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Christopher DeLeon

Christopher DeLeon

5 Ways Retailers Can Adapt to COVID-19

E-commerce has currently kept many companies alive during the pandemic. The ability to adapt quickly cannot be understated, as those who have been agile with their strategies to keep up with the effects on buying behavior have been thriving. No one will know exactly what in-person shopping will look like in the future, but it is certain that moving forward, e-commerce will continue to play an ever-expanding role with the shift in buying behavior.

1. Updating Information on Product Pages

Keeping product pages updated will be essential to the optimal shopping experience. This includes aspects such as product images, descriptions, availability, and supply chain issues. Ensuring that customers are well- informed with up-to-date information will enable them to have realistic and manageable expectations. Accuracy and transparency with information are fundamental in providing a satisfactory customer experience through e-commerce. For example, being transparent about the unavailability of a product and when it is expected to be restocked will lead to a satisfied customer compared to a vague product page.

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2. Curbside Pickup Availability

Online shopping has become symbiotic with curbside pickup – and this has happened rapidly in response to COVID-19. Retailers have adapted to customer concerns by providing a zero-contact shopping experience to make them feel safer. Redesigning delivery models by providing an alternative option can be beneficial to shoppers as it may save both time and money rather than waiting for a product to be shipped. With the use of high-quality photos and videos, a hybrid model of online shopping and in-store pickup will be more common moving forward. If retailers want to adapt to life after COVID, having curbside pickup will likely be a necessity.

3. Being Prepared Technologically

High website traffic will be inevitable because of the surge in online shopping. So to ensure that website and application stacks will run smoothly will require developers to be well-equipped for any slowdowns and shortfalls. Ensuring that page speed and SEO are optimal is essential so that retailers have a solid foundation technologically laid out. Whether it is data automation or managing inventory, being better prepared for any potential technological hurdles will make life easier.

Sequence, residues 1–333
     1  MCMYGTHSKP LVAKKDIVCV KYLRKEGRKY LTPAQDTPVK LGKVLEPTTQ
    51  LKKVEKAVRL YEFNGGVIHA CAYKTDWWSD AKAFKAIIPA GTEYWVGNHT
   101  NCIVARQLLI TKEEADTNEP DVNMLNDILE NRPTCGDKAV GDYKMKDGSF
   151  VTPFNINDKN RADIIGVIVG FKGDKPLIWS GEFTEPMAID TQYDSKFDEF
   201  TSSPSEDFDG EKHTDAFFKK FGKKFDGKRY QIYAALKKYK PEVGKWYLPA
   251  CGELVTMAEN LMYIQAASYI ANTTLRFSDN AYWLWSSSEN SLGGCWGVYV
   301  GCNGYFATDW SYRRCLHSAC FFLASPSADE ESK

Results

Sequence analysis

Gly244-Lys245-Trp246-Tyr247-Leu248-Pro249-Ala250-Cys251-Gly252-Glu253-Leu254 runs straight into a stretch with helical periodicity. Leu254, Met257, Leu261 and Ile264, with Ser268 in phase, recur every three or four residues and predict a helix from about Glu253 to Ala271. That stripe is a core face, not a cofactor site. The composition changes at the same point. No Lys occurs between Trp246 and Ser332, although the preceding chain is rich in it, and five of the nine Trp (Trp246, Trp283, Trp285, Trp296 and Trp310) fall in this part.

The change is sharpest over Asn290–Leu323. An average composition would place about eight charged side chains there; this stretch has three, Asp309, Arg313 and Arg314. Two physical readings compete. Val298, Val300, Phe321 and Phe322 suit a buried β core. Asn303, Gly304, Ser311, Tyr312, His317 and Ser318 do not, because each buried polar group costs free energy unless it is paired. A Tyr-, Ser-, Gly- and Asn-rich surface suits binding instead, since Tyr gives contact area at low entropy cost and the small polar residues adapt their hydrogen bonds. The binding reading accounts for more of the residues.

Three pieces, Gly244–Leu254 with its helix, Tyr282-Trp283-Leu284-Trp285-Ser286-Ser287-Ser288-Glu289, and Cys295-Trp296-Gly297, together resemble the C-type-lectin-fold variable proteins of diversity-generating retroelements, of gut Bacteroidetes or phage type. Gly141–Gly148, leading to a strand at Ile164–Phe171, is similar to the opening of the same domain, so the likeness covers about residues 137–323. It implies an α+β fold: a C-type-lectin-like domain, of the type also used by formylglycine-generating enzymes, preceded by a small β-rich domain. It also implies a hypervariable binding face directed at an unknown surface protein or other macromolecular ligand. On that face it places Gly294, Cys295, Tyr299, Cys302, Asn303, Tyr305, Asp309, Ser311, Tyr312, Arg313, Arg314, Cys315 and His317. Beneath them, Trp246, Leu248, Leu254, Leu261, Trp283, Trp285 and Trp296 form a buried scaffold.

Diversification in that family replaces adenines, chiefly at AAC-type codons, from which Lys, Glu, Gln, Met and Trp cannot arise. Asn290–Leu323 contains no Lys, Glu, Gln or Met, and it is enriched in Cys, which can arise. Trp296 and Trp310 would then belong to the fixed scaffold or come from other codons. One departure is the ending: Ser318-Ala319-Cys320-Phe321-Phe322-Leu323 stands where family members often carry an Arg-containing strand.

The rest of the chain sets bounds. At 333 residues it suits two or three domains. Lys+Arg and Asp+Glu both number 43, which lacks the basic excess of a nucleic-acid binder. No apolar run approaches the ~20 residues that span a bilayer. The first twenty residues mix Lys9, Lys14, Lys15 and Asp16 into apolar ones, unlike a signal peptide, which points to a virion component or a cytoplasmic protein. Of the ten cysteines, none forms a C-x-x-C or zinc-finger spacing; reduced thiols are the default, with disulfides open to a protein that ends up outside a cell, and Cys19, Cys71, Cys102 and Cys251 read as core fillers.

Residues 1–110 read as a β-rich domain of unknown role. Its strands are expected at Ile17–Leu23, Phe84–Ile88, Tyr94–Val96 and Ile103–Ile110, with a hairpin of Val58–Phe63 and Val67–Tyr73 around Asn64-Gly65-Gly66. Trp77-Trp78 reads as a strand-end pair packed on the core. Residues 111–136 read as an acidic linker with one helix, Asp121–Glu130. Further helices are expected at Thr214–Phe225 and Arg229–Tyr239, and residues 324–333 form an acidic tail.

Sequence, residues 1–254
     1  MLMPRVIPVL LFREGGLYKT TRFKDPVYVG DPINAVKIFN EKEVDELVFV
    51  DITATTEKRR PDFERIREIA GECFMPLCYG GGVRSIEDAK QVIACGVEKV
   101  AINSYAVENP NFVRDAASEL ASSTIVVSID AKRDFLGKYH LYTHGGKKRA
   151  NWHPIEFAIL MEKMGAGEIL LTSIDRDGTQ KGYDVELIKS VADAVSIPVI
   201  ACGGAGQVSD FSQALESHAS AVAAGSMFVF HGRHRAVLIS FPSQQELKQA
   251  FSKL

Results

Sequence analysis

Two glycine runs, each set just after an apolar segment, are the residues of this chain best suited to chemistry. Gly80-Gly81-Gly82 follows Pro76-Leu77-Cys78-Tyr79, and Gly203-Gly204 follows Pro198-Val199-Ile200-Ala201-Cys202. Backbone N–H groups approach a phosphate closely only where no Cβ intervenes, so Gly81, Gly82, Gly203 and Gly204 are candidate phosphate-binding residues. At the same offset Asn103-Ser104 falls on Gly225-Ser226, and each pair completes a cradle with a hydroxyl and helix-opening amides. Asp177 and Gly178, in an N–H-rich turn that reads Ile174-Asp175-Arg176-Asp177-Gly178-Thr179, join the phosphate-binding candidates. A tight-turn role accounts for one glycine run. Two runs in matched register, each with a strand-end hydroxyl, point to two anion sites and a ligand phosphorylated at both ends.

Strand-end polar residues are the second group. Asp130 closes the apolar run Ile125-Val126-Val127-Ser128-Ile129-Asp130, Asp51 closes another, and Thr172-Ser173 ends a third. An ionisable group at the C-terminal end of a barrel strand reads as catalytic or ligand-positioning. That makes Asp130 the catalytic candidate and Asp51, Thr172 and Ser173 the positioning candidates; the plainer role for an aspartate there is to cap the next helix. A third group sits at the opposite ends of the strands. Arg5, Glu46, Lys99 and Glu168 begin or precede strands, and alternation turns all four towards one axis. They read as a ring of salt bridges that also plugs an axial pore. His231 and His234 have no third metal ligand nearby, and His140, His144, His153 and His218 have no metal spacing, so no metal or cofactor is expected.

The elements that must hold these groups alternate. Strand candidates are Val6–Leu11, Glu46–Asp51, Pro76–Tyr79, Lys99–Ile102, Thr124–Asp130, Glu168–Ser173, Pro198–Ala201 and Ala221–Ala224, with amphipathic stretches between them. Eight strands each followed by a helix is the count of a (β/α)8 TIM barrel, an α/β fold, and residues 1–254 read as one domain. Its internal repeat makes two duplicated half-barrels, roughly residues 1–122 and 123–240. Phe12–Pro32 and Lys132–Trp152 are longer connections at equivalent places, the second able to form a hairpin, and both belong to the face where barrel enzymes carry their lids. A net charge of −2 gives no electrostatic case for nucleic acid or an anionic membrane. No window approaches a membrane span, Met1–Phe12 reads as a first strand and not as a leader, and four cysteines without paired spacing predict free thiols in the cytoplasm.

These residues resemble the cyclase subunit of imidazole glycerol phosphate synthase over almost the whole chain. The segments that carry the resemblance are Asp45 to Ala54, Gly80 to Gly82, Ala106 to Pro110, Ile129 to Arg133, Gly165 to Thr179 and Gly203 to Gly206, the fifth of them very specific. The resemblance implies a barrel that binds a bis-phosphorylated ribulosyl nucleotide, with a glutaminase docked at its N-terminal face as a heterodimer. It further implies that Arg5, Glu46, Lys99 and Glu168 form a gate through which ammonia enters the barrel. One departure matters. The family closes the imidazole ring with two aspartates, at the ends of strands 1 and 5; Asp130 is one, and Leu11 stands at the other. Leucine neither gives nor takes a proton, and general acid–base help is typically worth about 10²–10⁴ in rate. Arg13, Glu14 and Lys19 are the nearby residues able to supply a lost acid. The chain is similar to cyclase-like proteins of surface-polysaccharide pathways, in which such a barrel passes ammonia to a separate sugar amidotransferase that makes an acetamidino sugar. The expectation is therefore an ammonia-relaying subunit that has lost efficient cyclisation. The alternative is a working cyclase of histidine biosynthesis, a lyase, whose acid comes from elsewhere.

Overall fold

Image: Pixabay

4. Personalized Customer Experiences

Online retailing presents opportunities to add features for a more personalized and engaging shopping experience. E-commerce gives online retailers a treasure trove of data that provides insightful information to improve the targeting of messages. Integrating data on what shoppers are doing and why they are making their purchasing decisions enables retailers to best meet consumer needs. Customer relationship management (CRM) plays a very large role in making for a greater customer shopping experience. Personalizing messages to audiences based on their typical buying habits with high-quality data will help them find and buy the right products in a more efficient, data-based manner.

5. Creating/Bolstering Loyalty Programs

Directly related to using CRM data to improve customer experiences is the creation or modification of loyalty programs. Many retailers are no strangers to loyalty programs and knowing the importance of retaining their existing customers. There isn’t a more evident time for retailers to bolster up their loyalty programs – when customers are more active with their online shopping. Encouraging existing customers to continue shopping on websites with rewards is important to keep them engaged and valued. Updating and strengthening loyalty is a great way to foster the longevity of their business. The COVID pandemic presents an opportunity to configure rewards and update customer information to move towards the post-pandemic era.

Image: Pixabay


No one truly knows what life after the COVID pandemic will look like, but it is certain that retailers have been, and will continue to change. The landscape will look different, for sure, but it seems that retailers have been largely adaptive and agile to conforming to customer needs. Perhaps this swift adjustment is due to the fact that a lot of the tools have already existed in our grasps – technology, in-store/curbside pickup, online applications, CRM, and loyalty programs – just to name a few. What will separate the survivors and the stragglers, however, is reacting quickly and using these tools to the optimal level for customers. Consumers still want to shop; retailers just need to find alternative ways to reach them.

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